Even in the spirit of updating a blog only semiannually, I suppose it's now past time to mention that I've moved out to sunny southern California. Why the move? Mostly because I had to see about a girl, who was awarded a fellowship in Los Angeles. The move itself was pretty amazing: because my car is relatively new, it made sense to drive it instead of selling it, and the drive from Boston to Los Angeles has the potential for wonder.
The trip started November 2nd, the day after my birthday, right as the flakes of the first snowfall were starting to come down in Massachusetts. The trip had a bit of an "America, the Beautiful" theme to it: I wanted to see landscapes, vistas, and National Parks. I drove down Massachusetts' scenic Mohawk Trail; through the Finger Lakes of NY, stopping at Taughannock Falls and Niagara Falls; through Cuyahoga Valley National Park, and on to St. Louis. If you're ever in St. Louis, the City Museum is perhaps the coolest place I've ever been to, and functions as a kind of dual art project/theme park (an "eclectic mixture of children's playground, funhouse, surrealistic pavilion, and architectural marvel."). From there, I drove across the rolling plains of Kansas, making a stop for the world's largest ball of twine; on to Colorado Springs, the Garden of the Gods, and the Great Sand Dunes National Park. The drive across the Rockies took me through Wolf Creek Pass, which felt like a live version of a racing video game, a la Gran Turismo. I also stopped at Mesa Verde National Park in Colorado, which was breathtaking.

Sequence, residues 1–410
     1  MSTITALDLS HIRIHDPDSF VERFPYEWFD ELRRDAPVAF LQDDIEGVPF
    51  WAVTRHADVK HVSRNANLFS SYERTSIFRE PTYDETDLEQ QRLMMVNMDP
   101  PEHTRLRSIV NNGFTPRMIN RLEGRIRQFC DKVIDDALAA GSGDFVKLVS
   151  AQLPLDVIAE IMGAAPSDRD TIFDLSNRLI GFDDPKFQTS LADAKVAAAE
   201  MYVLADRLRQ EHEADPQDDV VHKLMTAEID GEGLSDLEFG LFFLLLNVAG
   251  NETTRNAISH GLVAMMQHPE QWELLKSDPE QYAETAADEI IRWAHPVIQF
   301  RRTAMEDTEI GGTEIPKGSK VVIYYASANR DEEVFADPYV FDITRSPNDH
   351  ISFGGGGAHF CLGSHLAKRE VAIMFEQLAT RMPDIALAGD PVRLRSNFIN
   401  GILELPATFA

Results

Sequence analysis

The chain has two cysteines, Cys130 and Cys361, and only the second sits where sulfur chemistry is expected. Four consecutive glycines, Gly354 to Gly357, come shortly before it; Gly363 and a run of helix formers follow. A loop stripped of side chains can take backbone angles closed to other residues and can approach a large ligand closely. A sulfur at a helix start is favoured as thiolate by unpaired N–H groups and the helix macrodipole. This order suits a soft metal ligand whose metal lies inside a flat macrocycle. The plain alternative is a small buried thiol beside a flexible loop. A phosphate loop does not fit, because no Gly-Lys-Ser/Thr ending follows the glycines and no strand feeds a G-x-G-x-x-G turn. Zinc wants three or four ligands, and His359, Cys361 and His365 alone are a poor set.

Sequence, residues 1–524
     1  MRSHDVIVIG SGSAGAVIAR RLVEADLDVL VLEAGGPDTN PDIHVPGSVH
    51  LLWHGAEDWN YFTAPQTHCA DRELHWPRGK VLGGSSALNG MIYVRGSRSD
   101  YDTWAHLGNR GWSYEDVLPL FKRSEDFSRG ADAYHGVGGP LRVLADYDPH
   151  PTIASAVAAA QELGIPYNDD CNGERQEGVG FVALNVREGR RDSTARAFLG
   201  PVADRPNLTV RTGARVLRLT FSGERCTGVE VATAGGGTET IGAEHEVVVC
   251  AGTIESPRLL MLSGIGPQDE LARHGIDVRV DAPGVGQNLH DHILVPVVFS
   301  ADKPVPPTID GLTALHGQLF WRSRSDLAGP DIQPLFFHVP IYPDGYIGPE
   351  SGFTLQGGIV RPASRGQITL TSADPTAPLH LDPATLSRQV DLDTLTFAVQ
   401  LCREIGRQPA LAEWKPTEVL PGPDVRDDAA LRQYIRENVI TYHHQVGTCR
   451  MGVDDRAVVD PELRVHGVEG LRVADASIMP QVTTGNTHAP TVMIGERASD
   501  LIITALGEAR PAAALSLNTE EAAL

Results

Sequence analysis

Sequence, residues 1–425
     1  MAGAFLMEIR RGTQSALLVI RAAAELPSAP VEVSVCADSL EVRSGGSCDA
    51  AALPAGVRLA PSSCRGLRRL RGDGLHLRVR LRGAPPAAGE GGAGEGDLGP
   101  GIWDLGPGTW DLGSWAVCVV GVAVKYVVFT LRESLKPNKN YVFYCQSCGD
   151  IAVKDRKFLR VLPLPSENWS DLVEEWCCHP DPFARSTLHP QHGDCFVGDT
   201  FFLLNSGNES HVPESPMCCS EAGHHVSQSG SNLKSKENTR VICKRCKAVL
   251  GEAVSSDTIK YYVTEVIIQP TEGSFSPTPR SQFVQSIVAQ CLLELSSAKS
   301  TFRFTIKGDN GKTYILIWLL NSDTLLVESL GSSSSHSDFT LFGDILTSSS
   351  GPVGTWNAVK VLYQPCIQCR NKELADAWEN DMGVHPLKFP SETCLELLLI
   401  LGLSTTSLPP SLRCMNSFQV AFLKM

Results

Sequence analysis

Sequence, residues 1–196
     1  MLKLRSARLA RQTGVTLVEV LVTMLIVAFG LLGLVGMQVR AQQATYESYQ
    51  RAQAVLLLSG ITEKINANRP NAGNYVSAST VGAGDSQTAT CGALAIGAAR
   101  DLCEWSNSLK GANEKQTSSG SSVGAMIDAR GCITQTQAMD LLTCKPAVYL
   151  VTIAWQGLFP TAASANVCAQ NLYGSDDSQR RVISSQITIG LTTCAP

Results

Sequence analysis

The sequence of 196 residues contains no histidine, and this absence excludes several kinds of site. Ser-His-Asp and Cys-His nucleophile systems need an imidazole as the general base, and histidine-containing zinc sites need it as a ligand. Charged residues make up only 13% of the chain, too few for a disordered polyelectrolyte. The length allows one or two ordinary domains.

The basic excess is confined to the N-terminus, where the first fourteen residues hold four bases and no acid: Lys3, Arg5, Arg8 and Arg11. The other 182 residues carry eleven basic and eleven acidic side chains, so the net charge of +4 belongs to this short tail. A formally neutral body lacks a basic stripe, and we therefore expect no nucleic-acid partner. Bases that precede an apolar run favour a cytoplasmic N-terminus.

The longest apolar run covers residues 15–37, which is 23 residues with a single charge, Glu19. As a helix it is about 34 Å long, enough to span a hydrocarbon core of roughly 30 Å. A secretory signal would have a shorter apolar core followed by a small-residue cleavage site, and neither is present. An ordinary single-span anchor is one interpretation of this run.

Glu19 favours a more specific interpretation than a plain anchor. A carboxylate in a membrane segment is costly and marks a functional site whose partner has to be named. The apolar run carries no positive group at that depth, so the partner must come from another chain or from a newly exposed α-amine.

From there, I drove into New Mexico and Arizona, stopping at the Four Corners, and on to Flagstaff, where I picked up my girlfriend who had flown in so that we could experience the Grand Canyon together. We did a little bit of hiking and sight seeing before we spent one last day driving into southern California and Los Angeles.
Altogether, this was without comparison the most amazing road trip I've been on, where other trips include rides down both the Atlantic and Pacific coast lines. It was an incredibly surreal experience to take in all within a single week. AirBnB made the lodging issue pretty palatable, and it was also wonderful to see family and friends in different parts of the country. Most of all, though, it was an experience in the full sense of the word, and the fact that it was coupled with a move across the country (with a bunch of my stuff in the back of the car) made it all that more meaningful. Before the move, I had never lived outside of New England; now, I live two blocks from the Pacific Ocean. Thoreau went into the woods of Concord, Massachusetts to live deliberately, and for much the same purpose, I've traveled out of those woods and into the second largest city in the country. We'll see just where this takes me.comments powered by Disqus